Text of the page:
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Early maladaptive schemas in relation to facets of psychopathy and institutional violence in offenders with personality disorders

Authors

  • Farid Chakhssi,

    Corresponding author
    1. Forensic Psychiatric Center de Rooyse Wissel, Conrisq Group, Venray, The Netherlands
    2. Department of Clinical Psychological Science, Maastricht University, The Netherlands
    • Correspondence should be addressed to Farid Chakhssi, Forensic Psychiatric Center de Rooyse Wissel, Conrisq Group, P.O. Box 433, 5800 AK Venray, The Netherlands (email: fchakhssi@derooysewissel.nl).

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  • David Bernstein,

    1. Forensic Psychiatric Center de Rooyse Wissel, Conrisq Group, Venray, The Netherlands
    2. Department of Clinical Psychological Science, Maastricht University, The Netherlands
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  • Corine de Ruiter

    1. Department of Clinical Psychological Science, Maastricht University, The Netherlands
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Abstract

Purpose

Current knowledge suggests that the psychopathy construct is multifaceted in nature, and reflects different underlying pathological mechanisms, including neurobiological dysfunction and maladaptive cognitions. Although many contemporary studies focus on neurobiological aspects of psychopathy, few have addressed the maladaptive cognitions.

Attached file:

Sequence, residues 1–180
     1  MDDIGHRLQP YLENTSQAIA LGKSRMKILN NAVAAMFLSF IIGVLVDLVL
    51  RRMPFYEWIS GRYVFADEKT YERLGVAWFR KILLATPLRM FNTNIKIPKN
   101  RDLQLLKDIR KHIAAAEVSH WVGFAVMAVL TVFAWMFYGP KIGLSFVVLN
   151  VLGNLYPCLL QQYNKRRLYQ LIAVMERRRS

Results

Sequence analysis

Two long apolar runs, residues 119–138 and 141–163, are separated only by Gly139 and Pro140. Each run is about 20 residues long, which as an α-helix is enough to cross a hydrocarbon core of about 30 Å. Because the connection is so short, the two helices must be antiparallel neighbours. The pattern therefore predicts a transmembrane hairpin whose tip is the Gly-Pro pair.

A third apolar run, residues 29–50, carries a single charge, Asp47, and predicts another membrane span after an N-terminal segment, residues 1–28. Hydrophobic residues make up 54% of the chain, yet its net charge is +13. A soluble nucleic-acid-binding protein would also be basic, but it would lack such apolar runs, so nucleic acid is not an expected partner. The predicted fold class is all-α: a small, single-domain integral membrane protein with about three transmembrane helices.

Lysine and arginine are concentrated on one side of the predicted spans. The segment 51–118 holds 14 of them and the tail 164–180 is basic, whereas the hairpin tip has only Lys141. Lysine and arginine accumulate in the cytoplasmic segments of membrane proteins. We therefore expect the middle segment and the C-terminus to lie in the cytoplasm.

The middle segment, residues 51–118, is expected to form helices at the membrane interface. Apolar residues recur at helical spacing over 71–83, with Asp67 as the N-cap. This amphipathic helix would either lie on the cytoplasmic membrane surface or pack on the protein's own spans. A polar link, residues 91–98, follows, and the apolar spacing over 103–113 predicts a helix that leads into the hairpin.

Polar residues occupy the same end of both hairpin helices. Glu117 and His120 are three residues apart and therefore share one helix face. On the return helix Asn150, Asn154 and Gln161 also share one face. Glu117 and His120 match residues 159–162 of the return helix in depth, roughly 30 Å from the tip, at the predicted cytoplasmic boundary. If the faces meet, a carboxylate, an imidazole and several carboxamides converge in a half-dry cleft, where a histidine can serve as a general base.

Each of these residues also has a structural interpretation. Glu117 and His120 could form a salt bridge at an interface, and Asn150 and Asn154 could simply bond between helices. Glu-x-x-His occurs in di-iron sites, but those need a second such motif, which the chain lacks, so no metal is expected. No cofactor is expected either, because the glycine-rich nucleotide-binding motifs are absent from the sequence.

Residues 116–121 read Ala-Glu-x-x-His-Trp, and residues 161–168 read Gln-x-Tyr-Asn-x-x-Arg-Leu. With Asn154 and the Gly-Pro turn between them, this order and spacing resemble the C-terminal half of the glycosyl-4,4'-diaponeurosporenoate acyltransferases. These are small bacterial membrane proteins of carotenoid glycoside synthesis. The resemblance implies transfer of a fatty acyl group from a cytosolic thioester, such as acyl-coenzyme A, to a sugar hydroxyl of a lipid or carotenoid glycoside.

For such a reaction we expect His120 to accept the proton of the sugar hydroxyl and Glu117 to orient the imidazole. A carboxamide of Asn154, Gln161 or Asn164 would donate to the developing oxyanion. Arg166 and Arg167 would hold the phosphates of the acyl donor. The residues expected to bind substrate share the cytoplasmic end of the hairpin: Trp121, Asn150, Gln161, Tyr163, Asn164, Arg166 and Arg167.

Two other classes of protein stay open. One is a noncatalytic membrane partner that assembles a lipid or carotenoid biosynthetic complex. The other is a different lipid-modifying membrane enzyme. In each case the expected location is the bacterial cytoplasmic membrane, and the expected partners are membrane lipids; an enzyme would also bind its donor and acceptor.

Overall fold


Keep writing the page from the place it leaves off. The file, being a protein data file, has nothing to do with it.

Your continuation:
Method

In this study, we examined facets of Hare's psychopathy construct in terms of their associations with maladaptive cognitions, as defined by Young's cognitive theory of Early Maladaptive Schemas (EMS). Personality disordered offenders (= 124) were assessed with the PCL-R and the Young Schema Questionnaire.

Results

The PCL-R Lifestyle and Antisocial Facets were significantly related to EMS Mistrust/Abuse and Insufficient Self-Control, consistent with our hypotheses, and were significantly, but negatively, related to EMS Subjugation. Also as hypothesized, EMS showed no associations with the PCL-R Affective and Interpersonal facets. Contrary to our expectation, EMS did not predict institutional violence.

Conclusion

Our findings suggest that schemas relating to mistrust, inadequate self-control/low frustration tolerance, and autonomy/dominance, play a role in the impulsive lifestyle and antisocial behaviour features of psychopathy. Treatments that focus on ameliorating these schemas may lead to better outcomes in psychopathic offenders.

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